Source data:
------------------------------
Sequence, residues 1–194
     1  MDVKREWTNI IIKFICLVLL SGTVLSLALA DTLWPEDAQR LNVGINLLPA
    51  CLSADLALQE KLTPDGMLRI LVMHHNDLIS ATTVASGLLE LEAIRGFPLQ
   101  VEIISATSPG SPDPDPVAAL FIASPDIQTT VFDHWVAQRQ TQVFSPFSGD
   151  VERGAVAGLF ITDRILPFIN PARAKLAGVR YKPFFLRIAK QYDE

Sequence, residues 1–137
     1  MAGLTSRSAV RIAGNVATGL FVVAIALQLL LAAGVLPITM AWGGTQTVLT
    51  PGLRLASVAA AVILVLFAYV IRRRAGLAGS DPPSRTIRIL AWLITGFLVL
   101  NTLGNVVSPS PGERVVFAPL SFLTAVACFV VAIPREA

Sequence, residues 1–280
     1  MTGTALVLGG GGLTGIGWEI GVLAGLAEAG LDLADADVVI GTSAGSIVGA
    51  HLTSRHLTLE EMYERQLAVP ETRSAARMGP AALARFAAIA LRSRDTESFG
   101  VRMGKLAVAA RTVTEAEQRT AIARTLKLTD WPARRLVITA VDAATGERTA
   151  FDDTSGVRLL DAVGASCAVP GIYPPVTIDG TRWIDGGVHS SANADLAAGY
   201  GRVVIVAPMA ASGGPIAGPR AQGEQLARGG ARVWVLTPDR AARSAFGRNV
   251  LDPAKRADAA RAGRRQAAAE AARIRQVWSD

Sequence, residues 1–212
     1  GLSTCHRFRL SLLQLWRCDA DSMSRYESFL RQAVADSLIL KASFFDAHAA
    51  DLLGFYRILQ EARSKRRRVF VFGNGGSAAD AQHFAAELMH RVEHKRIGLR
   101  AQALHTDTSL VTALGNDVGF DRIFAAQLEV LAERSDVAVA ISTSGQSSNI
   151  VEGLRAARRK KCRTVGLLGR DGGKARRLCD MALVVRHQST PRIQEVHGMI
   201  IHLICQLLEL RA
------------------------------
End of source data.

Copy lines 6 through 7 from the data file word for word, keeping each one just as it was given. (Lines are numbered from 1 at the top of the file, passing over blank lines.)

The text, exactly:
Sequence, residues 1–137
     1  MAGLTSRSAV RIAGNVATGL FVVAIALQLL LAAGVLPITM AWGGTQTVLT